15-year-long garbage dumping on Uran mangroves ends as HC intervenes

Muck to be dumped at Chal, 40 km away, locals, greens rejoice

Justices Justices Milind N. Jadhav and S.J. Kathawalla have taken a strong exception to the procrastination and the “administrative failure” over finding a solution to the menace.

MUMBAI: Ending the nearly 15-year-long relentless flight by local people and environmentalists over dumping of garbage on mangroves in Uran across Mumbai harbour, a high -level State government meeting has resolved to shift the dumping to a faraway new location and thus save the sea plants.

The meeting, held on last Thursday (Dec 9) at the instance of Bombay High Court, was presided over State Environment and Climate Change Minister Aditya Thackeray, has come out with a two-pronged strategy to treat dry waste at Uran Municipal Council’s (UMC) Material Recovery Facility and send the wet waste to the dumping ground at Chal village near Panvel.

Local planning agency government-owned CIDCO, which has been dilly-dallying on the issue so far, has agreed to accept the Uran garbage at Chal village.

Officials said the transport burden would not be much as the UMC might make have to make just two trips a week to carry the garbage to the new site, about 40 KM away from Uran.

Earlier, Justices Justices Milind N. Jadhav and S.J. Kathawalla have taken a strong exception to the procrastination and the “administrative failure” over finding a solution to the menace.

Despite the officials’ commitment to the Court and the judicial orders, the issue remained unresolved, the Court observed taking up the writ petition filed by the Shri Hanuman Koliwada Macchimar Vikas Sanstha Maryadit.

On last Tuesday, the Court finally directed the Advocate General to take up the issue with the State Environment Minister and resolve it.

Hanuman Koliwada, a resettlement of displaced fishing community from Nhava, is in the vicinity of the garbage dump at Bori Pakhadi which also has been posing health hazards.

During  the prolonged campaign, NatConnet Foundation moved  the Prime Minister twice over the way the Swachh Bharat movement has been thrown to winds. The PMO responded by directing the Maharashtra Urban Development Department to look immediately look into the issue.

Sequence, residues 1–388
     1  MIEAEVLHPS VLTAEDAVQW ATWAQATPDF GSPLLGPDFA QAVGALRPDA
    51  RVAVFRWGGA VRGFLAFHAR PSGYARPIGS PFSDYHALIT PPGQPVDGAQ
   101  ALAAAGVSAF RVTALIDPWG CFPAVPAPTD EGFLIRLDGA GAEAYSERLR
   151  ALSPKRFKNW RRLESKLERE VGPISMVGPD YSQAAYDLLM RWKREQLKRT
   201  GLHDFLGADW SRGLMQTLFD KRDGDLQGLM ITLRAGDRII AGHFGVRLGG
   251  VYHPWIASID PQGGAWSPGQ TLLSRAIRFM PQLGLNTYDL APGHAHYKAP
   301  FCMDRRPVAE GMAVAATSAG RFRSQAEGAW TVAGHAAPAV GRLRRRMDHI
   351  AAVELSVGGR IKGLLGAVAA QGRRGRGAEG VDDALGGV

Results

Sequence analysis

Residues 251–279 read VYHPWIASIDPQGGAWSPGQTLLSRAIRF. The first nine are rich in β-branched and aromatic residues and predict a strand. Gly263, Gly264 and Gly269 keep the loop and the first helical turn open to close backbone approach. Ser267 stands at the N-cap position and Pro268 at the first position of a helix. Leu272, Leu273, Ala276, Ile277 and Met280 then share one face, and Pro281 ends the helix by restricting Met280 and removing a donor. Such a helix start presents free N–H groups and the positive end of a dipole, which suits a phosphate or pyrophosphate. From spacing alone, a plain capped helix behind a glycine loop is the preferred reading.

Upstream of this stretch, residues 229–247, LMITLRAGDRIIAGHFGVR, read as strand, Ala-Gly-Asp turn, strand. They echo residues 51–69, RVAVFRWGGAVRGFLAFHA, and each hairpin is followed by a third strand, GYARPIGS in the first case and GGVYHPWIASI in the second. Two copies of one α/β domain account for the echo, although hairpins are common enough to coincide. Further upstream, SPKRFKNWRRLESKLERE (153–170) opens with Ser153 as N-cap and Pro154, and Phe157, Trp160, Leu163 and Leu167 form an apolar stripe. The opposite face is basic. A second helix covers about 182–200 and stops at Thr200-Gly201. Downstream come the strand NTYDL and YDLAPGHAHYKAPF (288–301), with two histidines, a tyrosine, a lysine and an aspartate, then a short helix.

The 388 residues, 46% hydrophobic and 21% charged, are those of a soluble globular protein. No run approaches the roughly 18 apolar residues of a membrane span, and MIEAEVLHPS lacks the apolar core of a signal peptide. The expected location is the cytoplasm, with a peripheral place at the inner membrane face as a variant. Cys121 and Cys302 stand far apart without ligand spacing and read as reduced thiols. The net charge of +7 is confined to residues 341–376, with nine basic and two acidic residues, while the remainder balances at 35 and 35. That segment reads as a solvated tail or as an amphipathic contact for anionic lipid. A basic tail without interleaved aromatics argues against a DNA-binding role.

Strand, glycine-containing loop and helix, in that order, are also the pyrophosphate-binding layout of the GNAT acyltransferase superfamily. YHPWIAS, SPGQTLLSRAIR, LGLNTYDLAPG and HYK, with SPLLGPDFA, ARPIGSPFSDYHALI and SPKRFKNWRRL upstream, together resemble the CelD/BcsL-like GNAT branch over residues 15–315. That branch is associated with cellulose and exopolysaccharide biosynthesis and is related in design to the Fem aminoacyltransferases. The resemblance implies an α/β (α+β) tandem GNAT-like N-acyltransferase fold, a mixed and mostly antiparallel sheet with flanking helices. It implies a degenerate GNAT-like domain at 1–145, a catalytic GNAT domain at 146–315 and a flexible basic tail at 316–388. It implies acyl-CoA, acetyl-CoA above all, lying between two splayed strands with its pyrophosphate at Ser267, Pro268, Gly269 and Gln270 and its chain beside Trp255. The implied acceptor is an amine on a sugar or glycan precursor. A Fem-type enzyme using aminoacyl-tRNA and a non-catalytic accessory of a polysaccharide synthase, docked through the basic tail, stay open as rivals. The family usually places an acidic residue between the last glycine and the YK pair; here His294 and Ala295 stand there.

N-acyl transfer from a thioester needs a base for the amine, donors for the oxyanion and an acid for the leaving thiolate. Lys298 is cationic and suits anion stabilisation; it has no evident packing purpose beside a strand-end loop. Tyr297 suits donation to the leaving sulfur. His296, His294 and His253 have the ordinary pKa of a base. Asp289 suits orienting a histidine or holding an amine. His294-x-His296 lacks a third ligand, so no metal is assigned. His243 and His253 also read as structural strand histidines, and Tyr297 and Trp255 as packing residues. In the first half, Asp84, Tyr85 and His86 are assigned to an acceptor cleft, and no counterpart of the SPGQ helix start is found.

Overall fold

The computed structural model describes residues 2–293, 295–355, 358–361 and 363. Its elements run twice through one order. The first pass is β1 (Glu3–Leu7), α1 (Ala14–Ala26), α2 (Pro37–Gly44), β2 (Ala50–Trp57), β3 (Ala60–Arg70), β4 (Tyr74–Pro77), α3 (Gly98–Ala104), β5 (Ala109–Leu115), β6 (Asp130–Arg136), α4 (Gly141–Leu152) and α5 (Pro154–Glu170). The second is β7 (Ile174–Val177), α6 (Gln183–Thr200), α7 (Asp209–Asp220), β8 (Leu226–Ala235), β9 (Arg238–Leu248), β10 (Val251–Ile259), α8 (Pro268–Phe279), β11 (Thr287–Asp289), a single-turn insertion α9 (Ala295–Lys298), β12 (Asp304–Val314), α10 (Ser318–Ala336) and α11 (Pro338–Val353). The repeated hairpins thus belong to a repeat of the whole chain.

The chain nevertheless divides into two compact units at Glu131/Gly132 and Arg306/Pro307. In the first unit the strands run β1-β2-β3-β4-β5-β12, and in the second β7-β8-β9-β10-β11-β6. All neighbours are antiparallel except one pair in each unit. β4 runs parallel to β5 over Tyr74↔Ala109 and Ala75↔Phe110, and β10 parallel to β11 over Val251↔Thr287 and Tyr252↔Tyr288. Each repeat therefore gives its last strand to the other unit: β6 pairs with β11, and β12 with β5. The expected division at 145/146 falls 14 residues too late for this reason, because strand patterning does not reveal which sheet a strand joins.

The High Court-appointed Mangrove Protection and Conservation Committee has, on complaint from NatConnect and Shri Ekvira Aai Pratishtan, directed CIDCO and the Raigad District Collector to stop destruction of mangroves and find an alternative dumping place.

At the instance of the two NGOs and the local pressure, the revenue department even filed an FIR at Uran police station against the UMC. “Yet, sadly nothing affected all the officials collectively and the garbage dumping continued with intermittent fires that filled the air with nasty stink and gases,” NatConnect Director B N Kumar said.

“Uran municipal council denials notwithstanding, we have seen draining of even sewer water carried by tankers,” Kumar said.

Advocate Meenaz Kakalia said the advocate general presented the minutes of the government meeting to the Court on Monday. The next hearing is fixed for January to review the progress of implementation.

Advocate General Ashutosh Kumbhakoni briefed the officials that included Additional Revenue Secretary Nitin Karir, Principal Secretary UDD-2 Mahesh Pathak, Principal Secretary, Environment & Climate Change Manisha Mhaiskar, CIDCO MD Dr Sanjay Mukherji, Konkan Divisional Commissioner Vilas Patil, MPCB Member Secretary Ashok Shingare, Raigad collector Dr Mahendra Kalyankar, Deputy Conservator of Forest Ashish Thakare and Uran Municipal Council Chief Officer Santosh Mali.

“Ant bhala tohj sab bhala,” (All is well that ends well), said local activist Samir Ashrit who has relentlessly spearheaded the fight.